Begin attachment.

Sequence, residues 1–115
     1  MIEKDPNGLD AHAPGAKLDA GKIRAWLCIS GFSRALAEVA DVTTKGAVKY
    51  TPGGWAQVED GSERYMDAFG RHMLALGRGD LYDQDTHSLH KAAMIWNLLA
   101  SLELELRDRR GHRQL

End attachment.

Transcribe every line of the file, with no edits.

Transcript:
Sequence, residues 1–115
     1  MIEKDPNGLD AHAPGAKLDA GKIRAWLCIS GFSRALAEVA DVTTKGAVKY
    51  TPGGWAQVED GSERYMDAFG RHMLALGRGD LYDQDTHSLH KAAMIWNLLA
   101  SLELELRDRR GHRQL